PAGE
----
In the first case, this is yet another visit to the West since taking power last May 2011. The first visit was at the G8 summit, in Deauville, France, where his friend Sarkozy had a great desire to celebrate the military victory of his presidency but had forgotten to inform his protégé, President Ouattara, that he was in a financial storm himself, with three major banks that had just lost at the stock market nearly 40 percent of their value, plummeting further the following day to 65 percent for the biggest one.
There was the July 27, 2011, visit to Washington to ask for money. Unfortunately again, no one remembered to tell Ouattara that President Obama was in a quarrel with the new Republican majority in Congress that would not grant him (Obama) an extension for new debt, and suddenly, several African presidents, who seemed in the White House like schoolboys in the principal’s office, in the pictures published by the White House of the meeting, have the bitter looks on their faces, as if they were attending a funeral.
How to read these two events?
In Côte d’Ivoire
In my opinion, cocoa and coffee should simply be eradicated in the African continent. This is the only certain way to end the dark days of colonial submission and humiliation, with Africa’s economy so dependent on the cultivation of certain plants that even major financial newspapers in the West continue at the end of 2011 to rank them as colonial products.
Former President Laurent Gbagbo had a choice: to turn to Africa in order for his country to move from a colonial economy to something else, the repositioning of Côte d’Ivoire to abandon the colonial products such as coffee and cocoa for strategic profitable sectors such as petrochemicals, which is 100 percent African. To achieve this, it is Ivorian experts who advise and develop infrastructure for this migration concept, including Equatorial Guinea, Angola etc.
The approach in Cameroon should be encouraged, because the decision to establish a cotton processing plant in Cameroon has two advantages: First, because the real added value of an agricultural product resides in its transformation into a finished product and, second, because production to satisfy a national need helps to boost local demand and establish a virtuous circle of wealth creation. It is expected that within the next 10 years, Cameroon will move from being a cotton importer country to a cotton exporting one, satisfying the country’s cotton demand in hospitals and also being able to satisfy the African market.
It is expected that within the next 10 years, Cameroon will move from being a cotton importer country to a cotton exporting one, satisfying the country’s cotton demand in hospitals and also being able to satisfy the African market.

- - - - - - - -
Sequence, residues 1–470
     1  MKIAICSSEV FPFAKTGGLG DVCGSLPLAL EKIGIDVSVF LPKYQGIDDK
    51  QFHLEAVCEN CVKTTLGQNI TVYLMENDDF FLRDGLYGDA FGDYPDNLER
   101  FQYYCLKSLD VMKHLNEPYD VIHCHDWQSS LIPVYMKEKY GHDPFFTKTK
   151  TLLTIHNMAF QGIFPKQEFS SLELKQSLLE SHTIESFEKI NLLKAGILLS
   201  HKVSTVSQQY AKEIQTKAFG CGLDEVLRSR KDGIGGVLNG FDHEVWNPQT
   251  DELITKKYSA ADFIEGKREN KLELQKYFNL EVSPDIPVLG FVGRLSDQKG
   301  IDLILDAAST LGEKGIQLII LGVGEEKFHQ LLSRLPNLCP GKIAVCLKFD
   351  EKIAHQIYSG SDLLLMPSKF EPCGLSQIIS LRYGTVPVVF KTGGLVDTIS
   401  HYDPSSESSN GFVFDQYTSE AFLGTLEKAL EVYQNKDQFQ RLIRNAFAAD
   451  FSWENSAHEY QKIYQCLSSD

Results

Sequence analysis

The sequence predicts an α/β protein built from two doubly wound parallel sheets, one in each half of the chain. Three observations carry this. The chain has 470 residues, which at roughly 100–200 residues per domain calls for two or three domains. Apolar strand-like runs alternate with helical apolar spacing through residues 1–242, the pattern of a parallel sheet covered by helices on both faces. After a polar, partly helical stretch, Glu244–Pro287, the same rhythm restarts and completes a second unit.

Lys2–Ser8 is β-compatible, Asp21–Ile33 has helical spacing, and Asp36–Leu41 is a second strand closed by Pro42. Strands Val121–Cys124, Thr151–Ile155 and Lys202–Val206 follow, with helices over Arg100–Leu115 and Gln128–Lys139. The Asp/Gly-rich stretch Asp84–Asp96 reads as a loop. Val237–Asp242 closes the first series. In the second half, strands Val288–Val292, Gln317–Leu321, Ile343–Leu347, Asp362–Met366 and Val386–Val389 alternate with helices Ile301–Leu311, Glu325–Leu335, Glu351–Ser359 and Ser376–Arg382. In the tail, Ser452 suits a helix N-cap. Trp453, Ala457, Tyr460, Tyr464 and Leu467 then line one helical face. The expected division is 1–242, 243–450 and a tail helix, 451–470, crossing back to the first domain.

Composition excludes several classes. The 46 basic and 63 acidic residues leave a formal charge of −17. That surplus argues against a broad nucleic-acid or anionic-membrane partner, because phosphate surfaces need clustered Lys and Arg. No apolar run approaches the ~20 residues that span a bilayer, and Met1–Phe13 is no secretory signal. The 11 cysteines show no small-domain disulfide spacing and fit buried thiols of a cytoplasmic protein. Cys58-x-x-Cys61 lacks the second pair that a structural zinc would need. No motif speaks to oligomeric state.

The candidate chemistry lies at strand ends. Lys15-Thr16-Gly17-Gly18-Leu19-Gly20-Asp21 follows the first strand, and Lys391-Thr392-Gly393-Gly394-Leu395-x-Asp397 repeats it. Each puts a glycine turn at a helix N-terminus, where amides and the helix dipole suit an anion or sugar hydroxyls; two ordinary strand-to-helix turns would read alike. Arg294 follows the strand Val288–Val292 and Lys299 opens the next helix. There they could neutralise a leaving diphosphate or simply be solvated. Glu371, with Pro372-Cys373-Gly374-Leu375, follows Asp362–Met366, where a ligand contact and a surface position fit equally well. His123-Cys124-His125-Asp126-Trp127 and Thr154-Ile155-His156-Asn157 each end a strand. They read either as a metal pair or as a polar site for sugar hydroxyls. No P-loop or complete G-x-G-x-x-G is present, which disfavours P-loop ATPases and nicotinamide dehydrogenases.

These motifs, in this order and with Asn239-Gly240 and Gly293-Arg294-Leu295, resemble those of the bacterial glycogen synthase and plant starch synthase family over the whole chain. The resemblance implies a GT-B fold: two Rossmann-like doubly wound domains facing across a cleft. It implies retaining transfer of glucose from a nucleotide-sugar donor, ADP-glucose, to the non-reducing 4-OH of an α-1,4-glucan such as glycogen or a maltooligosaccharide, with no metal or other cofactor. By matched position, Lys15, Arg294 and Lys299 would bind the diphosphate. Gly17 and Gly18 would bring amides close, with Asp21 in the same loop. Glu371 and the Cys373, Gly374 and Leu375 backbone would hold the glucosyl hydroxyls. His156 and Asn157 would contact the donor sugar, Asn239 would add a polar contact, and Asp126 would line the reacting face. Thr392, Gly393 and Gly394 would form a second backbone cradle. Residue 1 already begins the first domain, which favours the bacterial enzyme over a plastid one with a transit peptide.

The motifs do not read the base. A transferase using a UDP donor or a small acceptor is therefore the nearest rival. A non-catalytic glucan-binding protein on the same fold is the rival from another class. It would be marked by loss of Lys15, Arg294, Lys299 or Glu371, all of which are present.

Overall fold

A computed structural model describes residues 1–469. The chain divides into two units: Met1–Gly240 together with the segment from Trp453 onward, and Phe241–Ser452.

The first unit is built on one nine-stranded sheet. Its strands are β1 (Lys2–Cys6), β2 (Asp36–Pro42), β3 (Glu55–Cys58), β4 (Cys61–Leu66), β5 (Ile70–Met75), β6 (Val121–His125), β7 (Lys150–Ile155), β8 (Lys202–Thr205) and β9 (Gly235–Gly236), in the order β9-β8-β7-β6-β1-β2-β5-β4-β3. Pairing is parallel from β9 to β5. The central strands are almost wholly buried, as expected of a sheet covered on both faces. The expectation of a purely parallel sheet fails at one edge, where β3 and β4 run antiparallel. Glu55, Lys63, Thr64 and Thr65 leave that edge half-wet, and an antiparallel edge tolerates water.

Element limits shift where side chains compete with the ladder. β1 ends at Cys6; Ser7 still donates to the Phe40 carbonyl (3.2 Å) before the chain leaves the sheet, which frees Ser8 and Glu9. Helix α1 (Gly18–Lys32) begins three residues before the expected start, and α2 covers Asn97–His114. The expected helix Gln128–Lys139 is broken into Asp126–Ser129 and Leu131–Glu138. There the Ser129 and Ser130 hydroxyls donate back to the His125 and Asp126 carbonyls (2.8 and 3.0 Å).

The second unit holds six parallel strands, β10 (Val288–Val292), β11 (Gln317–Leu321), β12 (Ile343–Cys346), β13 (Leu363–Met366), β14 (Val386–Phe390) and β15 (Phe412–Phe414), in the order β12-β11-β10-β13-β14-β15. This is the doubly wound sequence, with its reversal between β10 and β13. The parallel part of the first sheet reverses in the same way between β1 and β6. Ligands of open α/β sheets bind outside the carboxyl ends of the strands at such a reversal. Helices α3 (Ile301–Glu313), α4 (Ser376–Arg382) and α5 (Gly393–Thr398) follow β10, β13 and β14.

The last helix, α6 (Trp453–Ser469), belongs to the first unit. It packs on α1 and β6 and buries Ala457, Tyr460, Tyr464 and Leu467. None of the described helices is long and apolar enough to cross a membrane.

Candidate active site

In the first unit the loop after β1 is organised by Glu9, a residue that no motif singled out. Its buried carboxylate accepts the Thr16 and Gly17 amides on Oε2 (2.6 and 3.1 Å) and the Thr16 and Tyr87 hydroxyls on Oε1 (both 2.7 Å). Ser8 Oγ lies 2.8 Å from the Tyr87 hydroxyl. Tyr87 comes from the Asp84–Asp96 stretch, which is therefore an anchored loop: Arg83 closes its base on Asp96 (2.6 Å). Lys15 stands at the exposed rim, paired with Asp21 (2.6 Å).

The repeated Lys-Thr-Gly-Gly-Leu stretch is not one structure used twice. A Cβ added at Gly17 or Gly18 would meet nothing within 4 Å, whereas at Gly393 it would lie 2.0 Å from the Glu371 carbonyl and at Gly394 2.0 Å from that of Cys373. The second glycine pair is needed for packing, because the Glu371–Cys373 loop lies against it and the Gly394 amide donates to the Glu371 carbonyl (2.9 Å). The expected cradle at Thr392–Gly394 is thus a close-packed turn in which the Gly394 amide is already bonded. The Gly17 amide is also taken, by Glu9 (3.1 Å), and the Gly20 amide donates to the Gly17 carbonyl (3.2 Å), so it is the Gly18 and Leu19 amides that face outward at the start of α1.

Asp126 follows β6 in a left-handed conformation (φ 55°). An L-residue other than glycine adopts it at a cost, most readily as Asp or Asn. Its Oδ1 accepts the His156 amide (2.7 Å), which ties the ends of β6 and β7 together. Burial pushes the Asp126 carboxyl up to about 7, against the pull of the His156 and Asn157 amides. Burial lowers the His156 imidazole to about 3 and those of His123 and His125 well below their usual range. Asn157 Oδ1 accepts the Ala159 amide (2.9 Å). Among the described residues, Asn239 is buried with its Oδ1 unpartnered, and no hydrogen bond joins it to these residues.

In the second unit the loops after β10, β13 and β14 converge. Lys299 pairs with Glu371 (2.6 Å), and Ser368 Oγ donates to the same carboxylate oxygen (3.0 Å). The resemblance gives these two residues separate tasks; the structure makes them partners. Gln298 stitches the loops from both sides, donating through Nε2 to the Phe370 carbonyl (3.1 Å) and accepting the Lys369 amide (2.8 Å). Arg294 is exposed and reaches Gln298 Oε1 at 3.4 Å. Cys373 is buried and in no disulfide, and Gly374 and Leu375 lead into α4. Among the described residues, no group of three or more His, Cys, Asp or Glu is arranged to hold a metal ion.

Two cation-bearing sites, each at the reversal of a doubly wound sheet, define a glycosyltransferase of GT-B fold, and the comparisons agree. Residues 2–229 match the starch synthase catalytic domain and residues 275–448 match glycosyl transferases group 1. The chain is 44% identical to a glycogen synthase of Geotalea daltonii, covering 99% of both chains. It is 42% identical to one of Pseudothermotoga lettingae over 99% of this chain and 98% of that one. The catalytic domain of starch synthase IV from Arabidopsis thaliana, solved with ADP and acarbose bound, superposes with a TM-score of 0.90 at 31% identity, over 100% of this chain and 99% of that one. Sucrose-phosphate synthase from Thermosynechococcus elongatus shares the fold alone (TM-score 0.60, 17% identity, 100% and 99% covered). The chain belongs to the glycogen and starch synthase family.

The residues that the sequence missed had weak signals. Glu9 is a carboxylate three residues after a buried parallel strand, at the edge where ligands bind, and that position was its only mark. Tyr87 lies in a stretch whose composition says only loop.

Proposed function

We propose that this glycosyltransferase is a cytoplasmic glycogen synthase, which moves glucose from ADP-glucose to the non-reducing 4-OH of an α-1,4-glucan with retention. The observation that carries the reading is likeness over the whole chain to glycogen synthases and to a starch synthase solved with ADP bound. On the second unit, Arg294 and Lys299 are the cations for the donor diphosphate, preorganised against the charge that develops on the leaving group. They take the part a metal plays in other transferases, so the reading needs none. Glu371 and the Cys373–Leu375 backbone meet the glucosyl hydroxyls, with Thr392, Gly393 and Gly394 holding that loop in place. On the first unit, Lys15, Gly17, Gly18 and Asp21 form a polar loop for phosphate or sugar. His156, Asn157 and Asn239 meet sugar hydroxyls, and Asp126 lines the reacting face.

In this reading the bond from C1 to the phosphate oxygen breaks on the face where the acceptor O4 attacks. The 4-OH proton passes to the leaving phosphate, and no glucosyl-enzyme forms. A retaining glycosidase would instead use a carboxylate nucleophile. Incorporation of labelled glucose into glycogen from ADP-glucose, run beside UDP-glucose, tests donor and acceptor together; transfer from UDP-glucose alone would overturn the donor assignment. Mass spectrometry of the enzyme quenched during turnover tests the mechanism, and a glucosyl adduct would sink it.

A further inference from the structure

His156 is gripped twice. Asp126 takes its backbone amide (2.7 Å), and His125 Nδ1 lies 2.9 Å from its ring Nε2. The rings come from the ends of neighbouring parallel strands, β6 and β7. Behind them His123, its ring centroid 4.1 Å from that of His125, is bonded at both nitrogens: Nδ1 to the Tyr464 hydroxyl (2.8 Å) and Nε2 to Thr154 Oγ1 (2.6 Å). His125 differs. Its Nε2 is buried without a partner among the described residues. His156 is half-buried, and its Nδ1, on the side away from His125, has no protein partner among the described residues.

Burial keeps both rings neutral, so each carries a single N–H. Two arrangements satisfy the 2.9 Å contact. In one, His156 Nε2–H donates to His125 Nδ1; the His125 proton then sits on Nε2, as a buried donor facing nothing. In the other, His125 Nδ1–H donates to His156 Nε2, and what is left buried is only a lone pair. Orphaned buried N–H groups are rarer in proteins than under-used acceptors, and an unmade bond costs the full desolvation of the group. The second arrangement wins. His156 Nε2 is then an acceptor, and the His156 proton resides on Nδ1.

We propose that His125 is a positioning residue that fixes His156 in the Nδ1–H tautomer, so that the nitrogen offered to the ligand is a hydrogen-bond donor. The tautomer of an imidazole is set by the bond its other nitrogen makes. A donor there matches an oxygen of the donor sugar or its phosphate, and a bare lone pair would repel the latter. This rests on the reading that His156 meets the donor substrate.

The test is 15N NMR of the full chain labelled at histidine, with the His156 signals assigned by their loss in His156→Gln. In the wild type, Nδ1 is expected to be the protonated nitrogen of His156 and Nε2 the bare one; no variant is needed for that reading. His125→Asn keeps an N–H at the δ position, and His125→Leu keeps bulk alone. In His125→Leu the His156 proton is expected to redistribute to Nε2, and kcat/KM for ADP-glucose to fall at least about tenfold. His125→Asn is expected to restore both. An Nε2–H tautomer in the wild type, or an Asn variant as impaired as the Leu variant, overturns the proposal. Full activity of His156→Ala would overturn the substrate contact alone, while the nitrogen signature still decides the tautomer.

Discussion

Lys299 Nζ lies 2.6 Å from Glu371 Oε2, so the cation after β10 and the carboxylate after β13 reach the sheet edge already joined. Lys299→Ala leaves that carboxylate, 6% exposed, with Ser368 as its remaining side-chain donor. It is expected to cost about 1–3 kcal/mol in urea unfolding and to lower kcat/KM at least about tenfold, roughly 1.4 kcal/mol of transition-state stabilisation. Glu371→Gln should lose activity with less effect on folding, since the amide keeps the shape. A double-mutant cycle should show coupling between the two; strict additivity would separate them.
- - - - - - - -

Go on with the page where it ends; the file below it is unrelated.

What the leaders of Cameroon understood is Laurent Gbagbo’ vision, which is that from now on, it is in Africa that we must seek wealth. Sitraco is the tree hiding the forest’s vast health development project’s business in Cameroon, which will attract patients not only from neighboring countries but from much further. Through its hospitals, Cameroon wants to retrieve the lucrative medical evacuation bonanza to France from French-speaking African countries, in particular for very specific specialties: cardiovascular, trauma, neurosurgical, ontological and ophthalmological.
From now on, it is in Africa that we must seek wealth.
According to incredible figures provided by Burkina Faso Minister of Health Bedouma Alain Yoda, the government of a small and poor country like Burkina Faso pays to France to evacuate about 50 patients a year a whopping 900 million FCFA (1,372,000 euros) annually. This information was made public by the Burkina Faso daily newspaper, The Country, in its edition of Sept. 19, 2007. In Yaoundé, we want some of that cake. History does not tell us yet if Paris is very happy with the activism of this new unexpected competitor.
Cameroon, enjoying the privileged position of being the only bilingual (French and English) country on the African continent, is not only trying to prevent Cameroonians from leaving their country but is also trying to attract other African students. While the host of the Elysee (home of the French president) counts on the stigmatization of African students to boost his poll numbers, one can bet that removing such an excuse will be seen as a crime. Since the month of May 2011, a decree has surfaced to summon African students to leave France the day after their graduation.
What to do once one realizes the mistake in choosing alliances?
Today, the development of Africa is a matter of decisive choice in the geostrategic position of each country. The alliance with the West, on the verge of bankruptcy, seems suicidal to me as a choice, because the result is known in advance: misery guaranteed as the main course and debts for dessert. The Libyan leader Qaddafi is an example of the suicidal choice. He chose the alliance with the West, snubbing China or Russia. He let his Secret Service be controlled by the CIA, which later would be fatal to him. His Secret Service, by becoming American, ensured he would no longer be safe anywhere on Libyan soil.
In the wild, mammals look for powerful and strong males to mate and provide offspring in order to guarantee the future, because the weak are often bitter and generate other weaknesses that leave little to no chance for the race to survive for a long time and do not portend any future. Right now, the West is this weakened animal and for that reason is more dangerous to itself and to its allies. Its weakness makes it bitter. A day will come when the West will understand that it will no longer be saved from its deep financial and social crisis by Côte d’Ivoire and only then will they realize that they do not need President Ouattara.